Chrysler 26
Last updated: January 7, 2018
Copyright © 2000-2018 All rights reserved
Avocet
A 1979 Chrysler 26 Sailboat
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Ship's Log
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2000 | 2001 | 2002
2003 | 2004 | 2005
2006 | 2007 | 2008
2009 | 2010 | 2011
2012 | 2013 | 2014
2015 | 2016 | 2017
2018 | 
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ACCOMMODATIONS

The winter renovation project

The pre-purchase 2000 survey indicated that the "vessel has been well maintained and has undergone extensive upgrades". The second owner's (Al) cabin renovations included: more storage space above the settees; long grab rails on the interior ceiling and on the exterior main hatch runners; a teak and holly cabin sole (easy to keep clean); teak trim and pin rails; interior wood re-painted with melamine paint; rewiring the boat complete with a main switch and fused switch panel; change and rebed all the windows; weather cloths for the cockpit from Sunbrella (they add to the privacy and cut down on wind when in harbour); hatch screen; foot pump for lake water at sink as well as separate drinking water tap (20 gallon flexible tank under back berth); re-upholstered main cabin and front berth; exterior woodwork replaced with new teak; remanufactured cockpit locker lids (the originals were crazed and cracked) using teak around the outsides and teak Arborite strips for the tops (Arborite wears well without losing colour).

Three interior photographs Al decided that he wanted an interior more in keeping with those pictures in magazines that we all drool over. To steel himself for the task, he trailered the boat home one fall, shoehorned her into the backyard, and to further commit to the project he promptly removed the hated galley and dropped it onto the concrete below. That winter Al poured over every publication he could find having to do with boat interiors and prowled through the lumber dealer yards looking for ideas. Decision made!

The teak and holly sole The floor was what bugged Al most after replacing carpet after carpet. A classy teak and holly sole was what he wanted. A good friend knew that and one day when returning home Al found a 4 x 8 x 3/4" sheet of the stuff in his garage! Yahoo! Too thick of course to make the curves of the floor but undaunted he put the dado blade on the trusty radial arm saw and he and his son made 70 passes under the blade one evening to get it down to 1/4". What a job! (anybody need 75 lbs of sawdust?). The floor was cut from a carpet pattern and applied to the prepared sole with West System epoxy while being held down with twenty or so floor to ceiling 1 x 2s. Success! Al made some moldings to go around the perimeter and oiled the floor with Tung oil.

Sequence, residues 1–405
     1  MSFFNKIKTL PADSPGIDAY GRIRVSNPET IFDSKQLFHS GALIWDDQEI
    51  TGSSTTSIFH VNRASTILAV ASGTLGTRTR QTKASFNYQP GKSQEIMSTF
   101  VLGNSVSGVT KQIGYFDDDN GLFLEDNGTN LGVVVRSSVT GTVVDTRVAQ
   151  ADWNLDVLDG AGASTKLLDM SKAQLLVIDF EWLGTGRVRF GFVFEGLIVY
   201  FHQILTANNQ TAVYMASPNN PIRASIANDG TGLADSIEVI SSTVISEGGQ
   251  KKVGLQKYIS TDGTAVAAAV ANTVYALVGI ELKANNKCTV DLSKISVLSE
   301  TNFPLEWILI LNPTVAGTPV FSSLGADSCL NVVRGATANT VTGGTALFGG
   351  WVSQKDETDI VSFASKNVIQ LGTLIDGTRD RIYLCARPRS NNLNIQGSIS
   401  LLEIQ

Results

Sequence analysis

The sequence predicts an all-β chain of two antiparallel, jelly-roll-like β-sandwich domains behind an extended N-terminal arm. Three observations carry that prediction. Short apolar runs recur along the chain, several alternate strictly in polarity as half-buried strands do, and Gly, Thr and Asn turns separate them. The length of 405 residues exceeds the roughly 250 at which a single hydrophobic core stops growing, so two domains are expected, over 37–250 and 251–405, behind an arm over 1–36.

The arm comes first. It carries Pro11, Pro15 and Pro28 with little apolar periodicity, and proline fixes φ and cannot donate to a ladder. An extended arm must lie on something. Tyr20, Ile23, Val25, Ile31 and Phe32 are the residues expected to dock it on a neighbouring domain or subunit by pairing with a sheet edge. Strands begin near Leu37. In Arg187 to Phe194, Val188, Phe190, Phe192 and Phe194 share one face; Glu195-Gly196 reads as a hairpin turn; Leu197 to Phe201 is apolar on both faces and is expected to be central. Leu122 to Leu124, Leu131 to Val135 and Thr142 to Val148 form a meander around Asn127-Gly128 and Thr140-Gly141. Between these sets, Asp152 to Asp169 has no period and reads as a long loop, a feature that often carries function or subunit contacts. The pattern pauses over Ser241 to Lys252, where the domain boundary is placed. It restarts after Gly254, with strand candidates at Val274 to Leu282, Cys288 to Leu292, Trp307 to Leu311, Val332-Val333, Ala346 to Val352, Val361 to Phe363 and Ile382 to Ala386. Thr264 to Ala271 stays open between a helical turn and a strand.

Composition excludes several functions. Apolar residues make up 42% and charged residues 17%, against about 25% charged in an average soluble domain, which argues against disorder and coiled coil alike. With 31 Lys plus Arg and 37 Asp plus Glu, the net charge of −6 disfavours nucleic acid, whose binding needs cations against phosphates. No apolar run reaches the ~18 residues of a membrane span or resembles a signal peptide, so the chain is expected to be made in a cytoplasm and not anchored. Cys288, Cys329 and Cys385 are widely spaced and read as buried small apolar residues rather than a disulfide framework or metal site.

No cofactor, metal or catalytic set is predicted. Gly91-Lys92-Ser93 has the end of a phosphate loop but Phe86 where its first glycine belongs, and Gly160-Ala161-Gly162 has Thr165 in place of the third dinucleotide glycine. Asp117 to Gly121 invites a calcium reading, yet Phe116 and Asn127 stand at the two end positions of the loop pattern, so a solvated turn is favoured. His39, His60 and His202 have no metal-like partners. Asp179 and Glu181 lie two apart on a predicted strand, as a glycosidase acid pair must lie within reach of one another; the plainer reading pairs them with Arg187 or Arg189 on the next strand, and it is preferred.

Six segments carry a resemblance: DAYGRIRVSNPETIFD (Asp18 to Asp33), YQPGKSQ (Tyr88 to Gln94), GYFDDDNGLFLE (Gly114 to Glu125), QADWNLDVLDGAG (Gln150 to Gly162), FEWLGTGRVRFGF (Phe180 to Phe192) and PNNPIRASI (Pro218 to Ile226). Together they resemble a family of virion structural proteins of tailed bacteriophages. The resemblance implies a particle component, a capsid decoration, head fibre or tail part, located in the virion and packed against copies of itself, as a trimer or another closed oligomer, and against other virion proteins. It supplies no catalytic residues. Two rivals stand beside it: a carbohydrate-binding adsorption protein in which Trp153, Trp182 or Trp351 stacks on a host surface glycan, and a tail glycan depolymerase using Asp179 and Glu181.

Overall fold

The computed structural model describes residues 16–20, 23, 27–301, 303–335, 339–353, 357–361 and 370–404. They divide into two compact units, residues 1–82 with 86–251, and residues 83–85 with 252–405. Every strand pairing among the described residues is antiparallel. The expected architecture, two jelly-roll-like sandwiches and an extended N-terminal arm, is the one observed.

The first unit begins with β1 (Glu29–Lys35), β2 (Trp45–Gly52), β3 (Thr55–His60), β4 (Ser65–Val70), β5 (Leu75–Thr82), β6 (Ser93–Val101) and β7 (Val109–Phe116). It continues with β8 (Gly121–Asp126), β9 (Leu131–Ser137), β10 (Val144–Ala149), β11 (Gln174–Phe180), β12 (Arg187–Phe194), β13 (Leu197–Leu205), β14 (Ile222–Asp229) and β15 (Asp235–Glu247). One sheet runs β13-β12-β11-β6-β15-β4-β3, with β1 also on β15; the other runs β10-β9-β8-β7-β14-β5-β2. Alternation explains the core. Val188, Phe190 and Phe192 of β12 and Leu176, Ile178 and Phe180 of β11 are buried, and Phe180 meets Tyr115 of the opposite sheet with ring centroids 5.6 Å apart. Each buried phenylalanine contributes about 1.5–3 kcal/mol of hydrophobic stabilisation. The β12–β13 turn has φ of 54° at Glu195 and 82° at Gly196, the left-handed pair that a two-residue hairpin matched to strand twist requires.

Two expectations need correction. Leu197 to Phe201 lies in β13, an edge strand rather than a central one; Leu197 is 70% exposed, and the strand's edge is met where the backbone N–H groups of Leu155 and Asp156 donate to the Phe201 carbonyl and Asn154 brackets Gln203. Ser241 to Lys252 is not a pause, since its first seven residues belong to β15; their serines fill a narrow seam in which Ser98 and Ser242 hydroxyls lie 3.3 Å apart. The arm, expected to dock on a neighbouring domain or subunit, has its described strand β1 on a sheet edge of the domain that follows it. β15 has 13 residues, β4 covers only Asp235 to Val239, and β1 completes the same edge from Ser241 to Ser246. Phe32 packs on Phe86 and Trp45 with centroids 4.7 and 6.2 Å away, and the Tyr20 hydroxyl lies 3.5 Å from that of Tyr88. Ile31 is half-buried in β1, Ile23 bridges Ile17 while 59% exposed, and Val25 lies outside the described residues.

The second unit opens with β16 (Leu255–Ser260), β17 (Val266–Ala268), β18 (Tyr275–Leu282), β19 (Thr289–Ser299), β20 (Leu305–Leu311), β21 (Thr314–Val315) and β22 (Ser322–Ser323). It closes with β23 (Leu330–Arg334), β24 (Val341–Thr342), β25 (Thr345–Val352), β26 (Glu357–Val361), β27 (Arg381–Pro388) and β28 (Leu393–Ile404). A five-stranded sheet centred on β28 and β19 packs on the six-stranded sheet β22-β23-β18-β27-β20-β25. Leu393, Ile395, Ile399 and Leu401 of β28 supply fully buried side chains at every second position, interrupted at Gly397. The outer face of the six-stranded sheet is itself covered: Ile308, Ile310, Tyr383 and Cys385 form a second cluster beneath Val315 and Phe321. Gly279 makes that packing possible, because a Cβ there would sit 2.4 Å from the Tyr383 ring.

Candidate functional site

Al removed the bulkhead to do his mast-step and chain plate improvements (see Keel and Hull), then applied a layer of 1/4" x 3" clear cedar tongue and groove boards to the bulkhead, settee fronts, rebuilt galley, and head door. The boards were paint with Melamine for ease of cleaning. All the finishing moldings were made from teak stock. The seat backs were lowered and canted outward 1" at the bottom for more sitting comfort. Cupboards were created to provide storage - no longer a need to play "what fell" while sailing.

The aft cabin The aft berth area, although a bit tight for an adult, is an interesting space for children and makes a good storage area. For some reason it seems that the Chrysler 26 has more cushions than most other sailboats. In the stern the cushions cover not only the flat area but halfway up the sides as well. Modifications that the second owner made created an elegant interior. A few touches were needed after the boat arrived in Regina and are these are described in the 2000 Log.

The July/August 2009 issue of Good Old Boat, pages 58-59, featured an article called "Simple hatch screesn - Creating a bug free zone down below", by Chris Ferro.